Park City will roll into Breckenridge in September
A group of Park City leaders and other Parkites plan to roll into Colorado in September as part of an annual outing to other destinations in the West.
There will undoubtedly be discussions about growth, transportation and the environment, as there are during each of the so-called City Tours.
But there is also expected to be some chatter, if not formal discussion, that falls into the Rocky Mountain high category. Colorado allows people to purchase marijuana for recreational and medical uses. Marijuana is sold in Breckenridge.
Myles Rademan, the tour organizer and the director of the Leadership Park City training program, said town staffers in Breckenridge could address marijuana sales in the community and the impact on the economy. It does not seem that marijuana sales will be an overriding issue on the City Tour.
A spokesperson for the town government in Breckenridge, Kim Dykstra, said presenters there do not intend to make marijuana a focus in their remarks to the Park City group. She said there are five entities in Breckenridge that hold licenses to sell marijuana either on a retail basis or for medical purposes.
Dykstra said a tourism survey showed 85 percent of the people who responded indicated the availability of marijuana in Breckenridge was not an important factor as they decided where to visit. The survey also showed nearly three-quarters of the respondents said the availability of marijuana did not impact their experience in Breckenridge, she said.
Park City has for years embarked on City Tours around the region, stopping in large cities, medium-sized communities and smaller mountain resorts. The trips, organizers say, provide an opportunity to learn about programs, projects and policies elsewhere, including in some of Park City’s mountain resort competitors.
The trip is scheduled to run Sept. 9-13. The travelers will spend three nights in Breckenridge and one night in Grand Junction. The estimated cost per person is $750. Taxpayer money typically funds the trips by government officials. The other travelers either pay themselves or are funded by their organizations. Between 60 and 70 people normally travel on the City Tour, a collection of Leadership Park City participants, government officials, businesspeople and members of the not-for-profit community. Last year’s trip stopped in the Colorado mountain resorts of Vail and Steamboat. The City Tour last traveled to Breckenridge in the 1990s, Rademan said.
"Breckenridge is similar to Park City in a lot of ways," Rademan said.
He said Breckenridge, like Park City, is a historic community experiencing growth. He also noted that Park City Mountain Resort owner Vail Resorts owns the mountain resort in Breckenridge as well. Breckenridge’s ski industry is much busier than that of Park City, he said.
Rademan said the travelers plan to hold meetings with town officials in Breckenridge to discuss issues like affordable housing, transportation and parking. He said transportation and parking information will be of interest since Breckenridge draws many skiers who drive to the resort from the Denver area.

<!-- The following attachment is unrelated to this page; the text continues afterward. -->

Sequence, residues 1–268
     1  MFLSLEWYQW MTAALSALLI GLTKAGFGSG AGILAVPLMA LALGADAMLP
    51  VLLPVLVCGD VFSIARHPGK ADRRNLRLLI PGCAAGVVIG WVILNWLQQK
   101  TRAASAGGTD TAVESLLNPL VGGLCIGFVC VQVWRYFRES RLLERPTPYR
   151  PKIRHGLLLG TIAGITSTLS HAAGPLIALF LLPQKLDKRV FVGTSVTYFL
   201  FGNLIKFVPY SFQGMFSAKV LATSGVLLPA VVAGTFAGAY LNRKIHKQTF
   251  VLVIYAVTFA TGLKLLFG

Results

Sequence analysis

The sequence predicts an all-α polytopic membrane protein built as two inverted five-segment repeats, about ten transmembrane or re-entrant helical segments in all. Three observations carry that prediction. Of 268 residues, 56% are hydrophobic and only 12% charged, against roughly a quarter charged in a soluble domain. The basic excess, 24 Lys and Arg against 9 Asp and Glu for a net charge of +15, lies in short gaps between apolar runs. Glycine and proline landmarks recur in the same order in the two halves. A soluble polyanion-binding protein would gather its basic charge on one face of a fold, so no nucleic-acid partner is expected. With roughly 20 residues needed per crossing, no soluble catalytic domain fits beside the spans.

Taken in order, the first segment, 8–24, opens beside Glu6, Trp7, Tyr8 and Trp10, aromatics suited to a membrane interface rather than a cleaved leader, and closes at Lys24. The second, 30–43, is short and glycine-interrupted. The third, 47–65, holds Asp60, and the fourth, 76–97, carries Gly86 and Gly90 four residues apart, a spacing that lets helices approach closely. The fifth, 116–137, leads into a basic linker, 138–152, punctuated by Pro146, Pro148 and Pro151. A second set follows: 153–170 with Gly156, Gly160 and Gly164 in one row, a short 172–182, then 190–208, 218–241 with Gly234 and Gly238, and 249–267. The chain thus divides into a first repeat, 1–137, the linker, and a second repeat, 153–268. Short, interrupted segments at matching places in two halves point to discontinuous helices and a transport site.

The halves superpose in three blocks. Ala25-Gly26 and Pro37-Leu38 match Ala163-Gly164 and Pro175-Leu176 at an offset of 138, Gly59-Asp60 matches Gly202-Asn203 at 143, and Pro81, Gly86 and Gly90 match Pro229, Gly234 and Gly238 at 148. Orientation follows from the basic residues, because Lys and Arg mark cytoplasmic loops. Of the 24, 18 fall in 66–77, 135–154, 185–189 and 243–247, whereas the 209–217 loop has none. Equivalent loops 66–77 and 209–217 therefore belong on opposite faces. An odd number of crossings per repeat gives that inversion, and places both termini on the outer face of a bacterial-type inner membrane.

He said the City Tour also anticipates hearing from Vail Resorts. The Colorado-based company acquired PCMR in 2014 and is linking PCMR and Canyons Resort into a single property prior to the opening of the 2015-2016 ski season. He wants executives from Vail Resorts to speak to the group and he wants the travelers to learn about relations between Vail Resorts and the town government in Breckenridge.
Dykstra, the Breckenridge town spokesperson, said there is a "good working relationship" between the government and Vail Resorts. In the past decade, as an example, the town of Breckenridge and Vail Resorts partnered on a gondola used for transportation purposes between the mountain resort and an off-site parking lot. She also described planning efforts between the town government and Vail Resorts involving condominiums, a hotel and parking.
"We don’t agree 100 percent on everything . . . We try to work together," she said about the relationship with Vail Resorts.
Dykstra said officials in Breckenridge also want to describe efforts in economic development, the downtown core, parking and transit. A driving tour of affordable housing and childcare projects is planned, she said. Dykstra said the Park City group could learn about a desire to build a large parking garage, perhaps with up to 900 spaces, in downtown Breckenridge.
A tentative schedule for the trip includes tours of a creative arts district in Breckenridge, a historic tour there and a barbecue dinner. A lunch is planned with Vail Resorts officials on Sept. 11 and a group tour and meetings are scheduled later that day with Vail Resorts. The next day, the travelers plan to meet with officials in Eagle County, the county in which Vail is situated, and go on a rafting trip on the Colorado River. The trip arrives in Grand Junction the evening of Sept. 12. A tour of downtown Grand Junction is scheduled before a dinner with officials there.
Anyone interested in attending the City Tour may contact Karen Anderson at City Hall, 615-5186 or firstname.lastname@example.org . The organizers want a diverse group to travel and several slots on the City Tour remained available late in the week.
The Park City Planning Commission on Wednesday approved a City Hall workforce or otherwise restricted housing development slated for the northern reaches of Old Town.